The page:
Tuesday, March 25, 2008

The Magic Text Field: searching, URLs and bookmarks

Cabel Maxfield Sasser notes how advertisements in Japan display search boxes with recommended search terms, as opposed to URLs. It certainly feels more user-friendly (and natural) to enter real words into one box (the search box) than to type something as geeky as a URL in another box (the URL field), and the author even speculates that future versions of Safari may transition to displaying a more prominent Google field and a less prominent URL field.

This has got me thinking. These are my closely related, highly anecdotal observations on URL entry vs. searching:

  • Some people (especially Firefox users) enter everything, even URLs, in the Google box. (By default, a new Firefox window has focus on the Google box.) These users will have to click again at the Google-displayed URL, but they don't seem to mind.
  • I sometimes catch myself mistakenly using the URL field instead of the Google field, hinting that search may be taking over from URL entry in my use as well.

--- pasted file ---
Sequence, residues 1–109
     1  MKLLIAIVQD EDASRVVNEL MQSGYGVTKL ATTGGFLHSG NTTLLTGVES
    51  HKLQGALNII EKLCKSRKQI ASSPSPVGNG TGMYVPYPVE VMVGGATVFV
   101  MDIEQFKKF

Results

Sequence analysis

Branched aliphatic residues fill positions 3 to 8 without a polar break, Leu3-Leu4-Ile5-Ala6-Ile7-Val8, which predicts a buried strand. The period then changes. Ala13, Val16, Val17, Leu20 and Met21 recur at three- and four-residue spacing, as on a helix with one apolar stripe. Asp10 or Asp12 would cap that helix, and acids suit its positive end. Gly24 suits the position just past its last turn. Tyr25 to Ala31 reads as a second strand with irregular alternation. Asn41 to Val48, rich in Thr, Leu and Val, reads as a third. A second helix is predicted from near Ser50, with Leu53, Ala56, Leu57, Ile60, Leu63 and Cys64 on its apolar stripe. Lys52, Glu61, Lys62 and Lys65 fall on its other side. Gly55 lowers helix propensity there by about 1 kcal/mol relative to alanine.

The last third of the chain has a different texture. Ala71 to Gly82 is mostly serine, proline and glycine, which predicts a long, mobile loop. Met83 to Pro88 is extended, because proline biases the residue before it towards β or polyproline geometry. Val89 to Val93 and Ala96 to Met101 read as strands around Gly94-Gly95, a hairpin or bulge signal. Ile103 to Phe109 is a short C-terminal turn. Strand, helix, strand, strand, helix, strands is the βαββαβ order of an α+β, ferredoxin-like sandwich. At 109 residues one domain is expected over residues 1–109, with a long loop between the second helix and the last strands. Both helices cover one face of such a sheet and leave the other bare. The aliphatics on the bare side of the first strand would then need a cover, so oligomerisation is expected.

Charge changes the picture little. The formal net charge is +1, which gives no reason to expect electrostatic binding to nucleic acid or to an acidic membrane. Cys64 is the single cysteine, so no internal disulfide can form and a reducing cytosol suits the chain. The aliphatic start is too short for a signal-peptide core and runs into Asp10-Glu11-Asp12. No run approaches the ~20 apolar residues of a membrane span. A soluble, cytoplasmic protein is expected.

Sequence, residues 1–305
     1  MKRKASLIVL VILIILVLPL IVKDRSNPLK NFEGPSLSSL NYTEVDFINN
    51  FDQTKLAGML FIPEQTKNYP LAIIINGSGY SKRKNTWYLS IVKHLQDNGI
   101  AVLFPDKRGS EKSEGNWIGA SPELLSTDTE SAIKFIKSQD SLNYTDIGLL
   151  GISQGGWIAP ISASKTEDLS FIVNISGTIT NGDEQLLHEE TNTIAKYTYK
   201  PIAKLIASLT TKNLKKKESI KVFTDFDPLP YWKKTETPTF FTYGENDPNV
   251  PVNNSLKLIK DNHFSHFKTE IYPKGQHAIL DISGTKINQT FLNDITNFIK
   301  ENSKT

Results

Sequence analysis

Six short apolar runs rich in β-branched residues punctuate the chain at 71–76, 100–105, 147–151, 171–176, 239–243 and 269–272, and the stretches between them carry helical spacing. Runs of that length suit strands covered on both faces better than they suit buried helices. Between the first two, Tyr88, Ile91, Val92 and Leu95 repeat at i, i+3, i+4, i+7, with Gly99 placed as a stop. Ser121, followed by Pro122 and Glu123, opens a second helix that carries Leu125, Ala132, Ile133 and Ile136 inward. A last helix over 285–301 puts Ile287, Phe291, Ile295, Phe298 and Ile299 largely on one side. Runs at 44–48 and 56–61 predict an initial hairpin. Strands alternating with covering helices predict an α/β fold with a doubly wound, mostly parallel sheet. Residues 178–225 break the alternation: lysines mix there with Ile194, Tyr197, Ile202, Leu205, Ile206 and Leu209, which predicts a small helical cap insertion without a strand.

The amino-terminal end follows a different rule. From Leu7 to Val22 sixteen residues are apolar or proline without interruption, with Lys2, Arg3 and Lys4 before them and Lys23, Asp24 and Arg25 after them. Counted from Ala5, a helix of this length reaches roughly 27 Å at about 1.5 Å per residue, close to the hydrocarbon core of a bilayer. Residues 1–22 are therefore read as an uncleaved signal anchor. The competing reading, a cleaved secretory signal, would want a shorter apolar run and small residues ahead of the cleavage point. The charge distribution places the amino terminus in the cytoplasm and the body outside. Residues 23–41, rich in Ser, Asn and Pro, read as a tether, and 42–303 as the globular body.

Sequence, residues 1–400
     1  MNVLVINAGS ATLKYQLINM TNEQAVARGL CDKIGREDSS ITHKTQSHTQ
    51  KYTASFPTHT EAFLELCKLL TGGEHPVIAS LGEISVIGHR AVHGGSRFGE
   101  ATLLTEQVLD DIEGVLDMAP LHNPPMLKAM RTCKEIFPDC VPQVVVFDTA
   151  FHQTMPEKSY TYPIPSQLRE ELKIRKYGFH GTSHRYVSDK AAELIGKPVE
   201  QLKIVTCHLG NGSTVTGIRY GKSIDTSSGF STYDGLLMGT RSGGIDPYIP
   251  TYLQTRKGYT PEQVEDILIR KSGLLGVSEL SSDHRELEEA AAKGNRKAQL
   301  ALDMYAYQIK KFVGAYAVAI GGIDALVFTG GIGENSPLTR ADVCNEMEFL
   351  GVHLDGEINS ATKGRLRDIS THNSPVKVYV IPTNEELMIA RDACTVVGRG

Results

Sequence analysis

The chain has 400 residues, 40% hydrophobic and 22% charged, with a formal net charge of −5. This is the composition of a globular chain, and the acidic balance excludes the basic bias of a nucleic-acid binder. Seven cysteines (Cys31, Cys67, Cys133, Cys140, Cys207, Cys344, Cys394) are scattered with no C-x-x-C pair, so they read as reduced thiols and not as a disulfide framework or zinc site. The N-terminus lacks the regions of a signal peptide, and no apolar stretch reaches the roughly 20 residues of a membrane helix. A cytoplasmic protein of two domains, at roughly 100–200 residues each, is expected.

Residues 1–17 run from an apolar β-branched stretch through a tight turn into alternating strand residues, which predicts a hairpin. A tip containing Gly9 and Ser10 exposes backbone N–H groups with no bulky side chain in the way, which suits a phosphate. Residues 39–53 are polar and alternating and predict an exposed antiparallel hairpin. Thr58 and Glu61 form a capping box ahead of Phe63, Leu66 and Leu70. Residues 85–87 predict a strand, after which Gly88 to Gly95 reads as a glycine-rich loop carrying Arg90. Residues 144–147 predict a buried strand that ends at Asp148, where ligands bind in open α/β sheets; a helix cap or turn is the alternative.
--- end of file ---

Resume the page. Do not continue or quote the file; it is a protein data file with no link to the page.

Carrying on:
• Firefox actually accommodates (perhaps encourages) this previous behavior: entering expressions in the URL box yields Google search results or top hits. Other browsers simply display the predictable error messages caused by such attempts at connecting to malformed URLs.
But then I also have some more loosely related observations as well, mostly concerning bookmarks and history items:
  • I hardly ever use the bookmarks menu for opening a page, relying on the autocomplete feature of the URL field instead. That is, if I add something to my bookmarks, I will navigate to it later by starting to type some words from its URL (if meaningful), rather than choosing it from the menu.
  • But then I hardly ever add any bookmarks either. If I want to bookmark a page for later retrieval, I don't have to do anything: it will be automatically added to the History list, and thus it will be available for autocomplete, too.
  • In Leopard, Safari's history items and cached pages are indexed by Spotlight, even enabling users to find visited pages by searching for words in their contents.
The most perfect solution for me would probably involve one huge box with hooks for a lot of AI magic working behind the scenes, listing Google hits, URL matches, Wikipedia and Dictionary and other results, cached page search terms, all categorized, ranked in an ultra-smart way with the most likely results first, all displayed in real time, with easy keyboard-based navigation possibilities.

I think web pages are verbal, and the most natural way of relating to them is by typing text.

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